Gongen Onsen sits in a valley of citrus orchards, forest and bamboo groves, located between several residential districts. It’s a fairly standard example of a suburban onsen. What sets Gongen Onsen apart from many other such hot spring baths is the quality of its water, and its association with a gongen, a traditional Shinto deity who was reinterpreted as a Buddhist saint or bodhisattva after the arrival of Buddhism in Japan.
The large onsen building stands in a car park bordered by two pleasant streams and surrounded by cherry trees, which provide flowers in spring and shade in summer. The baths themselves are all housed in one room – there’s no outdoor bath. Overall, the baths present a dim atmosphere like a cave with their dark granite floors, walls and shower stalls. Generally elderly people relax here and there in Buddha-like repose. Big windows at the end of the room let in sunbeams that filter through the steam from the water. A large stone statue of the gongen graces one corner of the main bath. She gazes down on the bathers with a hand raised in blessing.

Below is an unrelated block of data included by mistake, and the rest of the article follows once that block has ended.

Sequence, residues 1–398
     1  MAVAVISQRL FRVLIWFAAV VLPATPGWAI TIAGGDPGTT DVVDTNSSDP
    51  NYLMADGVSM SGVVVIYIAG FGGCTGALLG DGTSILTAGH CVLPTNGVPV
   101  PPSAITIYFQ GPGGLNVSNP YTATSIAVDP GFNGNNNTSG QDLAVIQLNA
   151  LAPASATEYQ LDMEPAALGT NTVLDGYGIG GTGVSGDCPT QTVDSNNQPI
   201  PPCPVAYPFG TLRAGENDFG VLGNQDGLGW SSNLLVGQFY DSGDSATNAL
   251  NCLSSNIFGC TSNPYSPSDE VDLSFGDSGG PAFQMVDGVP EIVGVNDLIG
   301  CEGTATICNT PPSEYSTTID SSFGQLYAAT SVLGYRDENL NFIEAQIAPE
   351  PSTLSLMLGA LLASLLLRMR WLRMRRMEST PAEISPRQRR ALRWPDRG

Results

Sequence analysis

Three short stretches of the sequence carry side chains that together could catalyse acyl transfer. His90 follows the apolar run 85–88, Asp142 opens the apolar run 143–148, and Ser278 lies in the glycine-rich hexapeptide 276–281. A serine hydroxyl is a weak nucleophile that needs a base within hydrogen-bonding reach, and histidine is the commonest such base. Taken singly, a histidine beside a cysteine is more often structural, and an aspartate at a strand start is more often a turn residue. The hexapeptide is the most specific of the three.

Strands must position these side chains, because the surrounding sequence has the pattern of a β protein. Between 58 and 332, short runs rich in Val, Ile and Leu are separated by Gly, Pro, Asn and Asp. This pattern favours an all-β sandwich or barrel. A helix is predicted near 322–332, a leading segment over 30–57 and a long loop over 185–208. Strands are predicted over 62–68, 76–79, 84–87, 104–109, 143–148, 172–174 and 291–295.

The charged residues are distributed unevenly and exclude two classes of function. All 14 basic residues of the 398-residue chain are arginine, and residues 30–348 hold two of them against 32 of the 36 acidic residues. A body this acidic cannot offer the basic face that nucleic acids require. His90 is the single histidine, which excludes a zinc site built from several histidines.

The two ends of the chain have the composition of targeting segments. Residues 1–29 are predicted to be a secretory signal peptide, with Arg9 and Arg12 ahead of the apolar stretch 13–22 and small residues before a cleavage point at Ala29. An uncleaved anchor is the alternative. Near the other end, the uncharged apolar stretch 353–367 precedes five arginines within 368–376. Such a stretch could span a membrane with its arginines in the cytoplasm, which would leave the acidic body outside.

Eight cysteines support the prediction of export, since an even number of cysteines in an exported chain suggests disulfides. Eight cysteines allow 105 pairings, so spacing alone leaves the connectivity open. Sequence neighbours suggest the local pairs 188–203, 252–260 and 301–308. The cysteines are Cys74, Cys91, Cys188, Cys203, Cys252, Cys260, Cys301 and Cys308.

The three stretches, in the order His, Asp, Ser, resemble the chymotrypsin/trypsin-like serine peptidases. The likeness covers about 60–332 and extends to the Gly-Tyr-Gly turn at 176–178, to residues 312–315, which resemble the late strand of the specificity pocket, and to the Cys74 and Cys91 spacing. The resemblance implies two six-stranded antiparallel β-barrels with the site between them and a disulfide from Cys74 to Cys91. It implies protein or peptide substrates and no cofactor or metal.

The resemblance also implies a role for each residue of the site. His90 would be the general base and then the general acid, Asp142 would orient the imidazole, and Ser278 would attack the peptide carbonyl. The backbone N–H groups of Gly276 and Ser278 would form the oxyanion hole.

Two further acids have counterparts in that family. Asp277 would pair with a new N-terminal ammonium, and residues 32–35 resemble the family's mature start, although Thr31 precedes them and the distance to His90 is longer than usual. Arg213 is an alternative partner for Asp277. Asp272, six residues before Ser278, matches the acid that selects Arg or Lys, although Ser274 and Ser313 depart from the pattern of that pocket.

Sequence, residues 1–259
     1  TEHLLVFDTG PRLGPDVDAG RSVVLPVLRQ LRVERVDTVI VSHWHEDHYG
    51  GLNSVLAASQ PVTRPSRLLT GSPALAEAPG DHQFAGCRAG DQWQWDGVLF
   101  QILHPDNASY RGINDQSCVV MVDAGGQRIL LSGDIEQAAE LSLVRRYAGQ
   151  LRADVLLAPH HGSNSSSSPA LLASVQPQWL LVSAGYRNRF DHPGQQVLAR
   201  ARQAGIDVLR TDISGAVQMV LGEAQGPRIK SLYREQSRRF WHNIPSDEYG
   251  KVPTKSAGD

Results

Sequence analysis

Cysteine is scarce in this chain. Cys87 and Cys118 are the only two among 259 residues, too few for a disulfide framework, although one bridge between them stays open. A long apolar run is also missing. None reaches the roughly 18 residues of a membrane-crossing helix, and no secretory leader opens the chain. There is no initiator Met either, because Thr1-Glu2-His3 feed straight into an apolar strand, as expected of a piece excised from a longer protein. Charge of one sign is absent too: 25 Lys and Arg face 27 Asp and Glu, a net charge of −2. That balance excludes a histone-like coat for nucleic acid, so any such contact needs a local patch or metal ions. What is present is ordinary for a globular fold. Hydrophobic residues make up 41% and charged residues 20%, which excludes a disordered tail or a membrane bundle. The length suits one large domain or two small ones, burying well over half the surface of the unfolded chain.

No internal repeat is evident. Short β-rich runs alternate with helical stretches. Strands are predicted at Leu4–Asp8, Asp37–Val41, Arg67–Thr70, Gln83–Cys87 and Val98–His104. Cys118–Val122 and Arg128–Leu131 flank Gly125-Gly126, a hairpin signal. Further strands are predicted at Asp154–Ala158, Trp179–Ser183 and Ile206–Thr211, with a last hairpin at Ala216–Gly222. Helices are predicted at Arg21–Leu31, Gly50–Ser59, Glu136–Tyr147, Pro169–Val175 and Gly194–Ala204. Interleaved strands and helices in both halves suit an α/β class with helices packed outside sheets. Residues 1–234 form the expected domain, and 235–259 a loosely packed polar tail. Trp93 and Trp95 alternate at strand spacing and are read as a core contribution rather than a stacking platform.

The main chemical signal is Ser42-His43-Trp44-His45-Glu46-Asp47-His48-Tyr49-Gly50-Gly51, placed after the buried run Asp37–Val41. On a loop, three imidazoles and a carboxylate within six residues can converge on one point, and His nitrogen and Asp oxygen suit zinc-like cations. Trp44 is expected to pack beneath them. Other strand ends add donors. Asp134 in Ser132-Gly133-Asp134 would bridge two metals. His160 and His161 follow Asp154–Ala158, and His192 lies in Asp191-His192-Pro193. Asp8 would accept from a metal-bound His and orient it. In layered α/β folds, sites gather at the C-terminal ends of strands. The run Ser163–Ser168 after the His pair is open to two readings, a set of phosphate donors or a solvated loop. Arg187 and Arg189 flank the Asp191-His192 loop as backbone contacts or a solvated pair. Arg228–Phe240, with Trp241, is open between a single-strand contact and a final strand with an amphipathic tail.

The main bath is all of a bubble, with double jets at regular intervals along the sides for massaging your shoulders, and a jacuzzi in the middle. There’s also a small kusuriburo – a very hot ‘medicine bath’ with special stress-relieving properties, a sauna, and a small cold bath. Although the water doesn’t seem noticeably different from any other hot water, when you’re out and dried, you’ll notice that your skin is slippery smooth. This is the effect for which Gongen Onsen is well known in Matsuyama.
Besides the baths, there’s a restaurant serving a standard selection of noodles, rice dishes, curry and sushi. There are also a number of private rooms for rental, with karaoke.
Gongen Onsen has clearly seen better days and the facilities, especially the changing rooms, leave something to be desired. But for aficionados of real onsen water, and there are many in Japan, Gongen Onsen will remain a place worth visiting. Entry is 550 yen for adults and 250 yen for children. No soap or towels are provided, so if you need these things, take your own. I usually make do with a just a small towel.